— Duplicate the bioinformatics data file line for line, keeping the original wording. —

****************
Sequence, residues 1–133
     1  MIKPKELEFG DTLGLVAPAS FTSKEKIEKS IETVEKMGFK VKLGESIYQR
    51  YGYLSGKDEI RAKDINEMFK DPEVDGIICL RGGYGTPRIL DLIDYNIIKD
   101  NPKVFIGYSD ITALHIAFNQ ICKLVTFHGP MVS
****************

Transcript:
Sequence, residues 1–133
     1  MIKPKELEFG DTLGLVAPAS FTSKEKIEKS IETVEKMGFK VKLGESIYQR
    51  YGYLSGKDEI RAKDINEMFK DPEVDGIICL RGGYGTPRIL DLIDYNIIKD
   101  NPKVFIGYSD ITALHIAFNQ ICKLVTFHGP MVS